HRC Feels the Heat, But Still Doesn’t Get The Message

Jim Burroway

June 5th, 2009

One popular blog reported yesterday that the Human Rights Campaign cut a deal with the White House to withhold public pressure on repealing “Don’t Ask, Don’t Tell” until sometime next year. HRC immediately issued a statement calling the report “an outright lie” and “recklessly irresponsible.” Nevertheless, many grass roots LGBT activists weren’t convinced.

I had already observed that when the HRC met with the White House following the removal of key commitments from the administration’s LGBT civil rights web site, they basically handed the administration a blank check to delay away. HRC Director Joe Solmonese simply told reporters that he was “pleased” and that they have a plan.” With that, there was no further pressure or call to move forward on repealing “Don’t Ask, Don’t Tell” or the many other issues that President Barack Obama had once advocated. That milquetoast statement told me everything I needed to know about HRC’s sense of urgency.

So when yesterday’s report appeared on the Daily Beast, LGBT activists and bloggers all around nodded and shrugged. Sound about right, we thought. And the HRC’s subsequent denial sounded hollow. After all, we’ve been complaining that we’ve gotten a lot of great words from the Obama administration with little actual movement. Why would we consider HRC’s words any more important than their actions?

Radio talk show host Michelangelo Signorile had long complained that HRC appears to have gone completely underground following that White House meeting. He tried over and over to get someone from HRC to appear on his program, but he was rebuffed every time. Other journalists complained about the same problem.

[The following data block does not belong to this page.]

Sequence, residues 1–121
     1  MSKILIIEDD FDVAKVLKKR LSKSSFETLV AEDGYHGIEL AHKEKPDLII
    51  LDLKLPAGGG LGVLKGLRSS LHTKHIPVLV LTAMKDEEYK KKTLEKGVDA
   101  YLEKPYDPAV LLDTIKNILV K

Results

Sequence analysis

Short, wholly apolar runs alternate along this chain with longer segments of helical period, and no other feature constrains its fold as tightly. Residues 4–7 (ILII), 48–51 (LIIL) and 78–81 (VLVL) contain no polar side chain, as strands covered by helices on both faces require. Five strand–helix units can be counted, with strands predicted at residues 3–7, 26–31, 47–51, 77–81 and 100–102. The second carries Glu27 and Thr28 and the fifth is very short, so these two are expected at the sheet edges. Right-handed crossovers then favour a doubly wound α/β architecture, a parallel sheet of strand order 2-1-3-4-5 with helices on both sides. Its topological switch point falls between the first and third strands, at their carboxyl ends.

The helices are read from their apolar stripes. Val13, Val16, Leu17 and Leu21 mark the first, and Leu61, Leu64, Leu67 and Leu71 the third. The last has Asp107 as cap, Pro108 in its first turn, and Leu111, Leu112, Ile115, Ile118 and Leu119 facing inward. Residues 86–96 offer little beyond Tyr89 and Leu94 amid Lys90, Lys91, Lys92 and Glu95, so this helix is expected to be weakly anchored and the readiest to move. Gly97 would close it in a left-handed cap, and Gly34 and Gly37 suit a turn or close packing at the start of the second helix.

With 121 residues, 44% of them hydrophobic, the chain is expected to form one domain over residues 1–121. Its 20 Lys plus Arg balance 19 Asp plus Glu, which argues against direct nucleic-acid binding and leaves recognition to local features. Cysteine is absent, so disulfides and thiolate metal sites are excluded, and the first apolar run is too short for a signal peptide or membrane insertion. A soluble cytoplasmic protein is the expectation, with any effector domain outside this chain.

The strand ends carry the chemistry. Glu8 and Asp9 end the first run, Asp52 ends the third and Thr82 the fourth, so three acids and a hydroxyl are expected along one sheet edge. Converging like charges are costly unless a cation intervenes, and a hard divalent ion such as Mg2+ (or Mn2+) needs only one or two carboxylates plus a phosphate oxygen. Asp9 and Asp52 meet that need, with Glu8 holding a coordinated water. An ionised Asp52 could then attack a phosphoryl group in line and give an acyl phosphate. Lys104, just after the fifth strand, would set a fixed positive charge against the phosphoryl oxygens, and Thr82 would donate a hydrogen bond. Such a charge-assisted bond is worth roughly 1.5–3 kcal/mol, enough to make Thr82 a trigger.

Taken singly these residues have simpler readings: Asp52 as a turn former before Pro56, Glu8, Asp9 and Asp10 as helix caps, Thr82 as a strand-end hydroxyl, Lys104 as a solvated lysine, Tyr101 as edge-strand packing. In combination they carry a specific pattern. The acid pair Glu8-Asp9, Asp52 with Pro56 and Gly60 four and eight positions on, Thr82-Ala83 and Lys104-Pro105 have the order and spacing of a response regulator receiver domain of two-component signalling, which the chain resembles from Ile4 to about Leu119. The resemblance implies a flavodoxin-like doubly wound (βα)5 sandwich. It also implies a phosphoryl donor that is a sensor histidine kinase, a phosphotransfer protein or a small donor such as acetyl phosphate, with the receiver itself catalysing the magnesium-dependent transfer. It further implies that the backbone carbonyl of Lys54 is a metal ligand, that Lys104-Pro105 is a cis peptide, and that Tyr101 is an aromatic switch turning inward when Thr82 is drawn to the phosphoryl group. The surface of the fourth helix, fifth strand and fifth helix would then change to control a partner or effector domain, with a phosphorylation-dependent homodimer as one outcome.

But all that changed yesterday. Signorile got a call from the HRC yesterday that they wanted Solmonese on the program that day — within a few hours. (Signorile has posted audio of that interview with more background information.)

It’s very clear that HRC sees that they are being left behind. The massive nationwide Join The Impact protests following passage of California’s Prop 8 caught everyone off guard. Since then, two prominent lawyers bypassed the traditional LGBT leaders and launched their own lawsuit against Prop 8. Others have called for a march on Washington to show their impatience. People are impatient and they are voting with their feet. The HRC is being being bypassed.

Joe Solmonese appeared later yesterday on MSNBC’s Hardball with Chris Matthews. While he’s definitely feels the need now to answer for the perception that HRC has given the White House a pass on DADT, he’s still not much of a fierce advocate. Consider this exchange, where Solmonese dutifully mouths the White House’s talking points.

SOLMONESE: Well I think on any measure of issues we are working on right now with the White House, whether it’s movement on the Matthew Shepard Hate Crimes bill or the Employment Non-Discrimination Act or overturning “Don’t Ask, Don’t Tell,” the White House is working on these issues. But Lorre Jean brings up an incredibly important point particularly with regard to “Don’t Ask, Don’t Tell.” There’s overturning the policy which I believe the administration will do in the course of the year or so, and then there are good hard working people like Dan Choi, and Arab language interpreter who potentially could be thrown out of the military in the next few weeks, and the President has the opportunity to stop that from happening. We’ve asked him to do that and pressed him to do that and hope that he will.

MATTHEWS: But if he does that by executive order, what is he worried about? Why is he not doing it? Joe?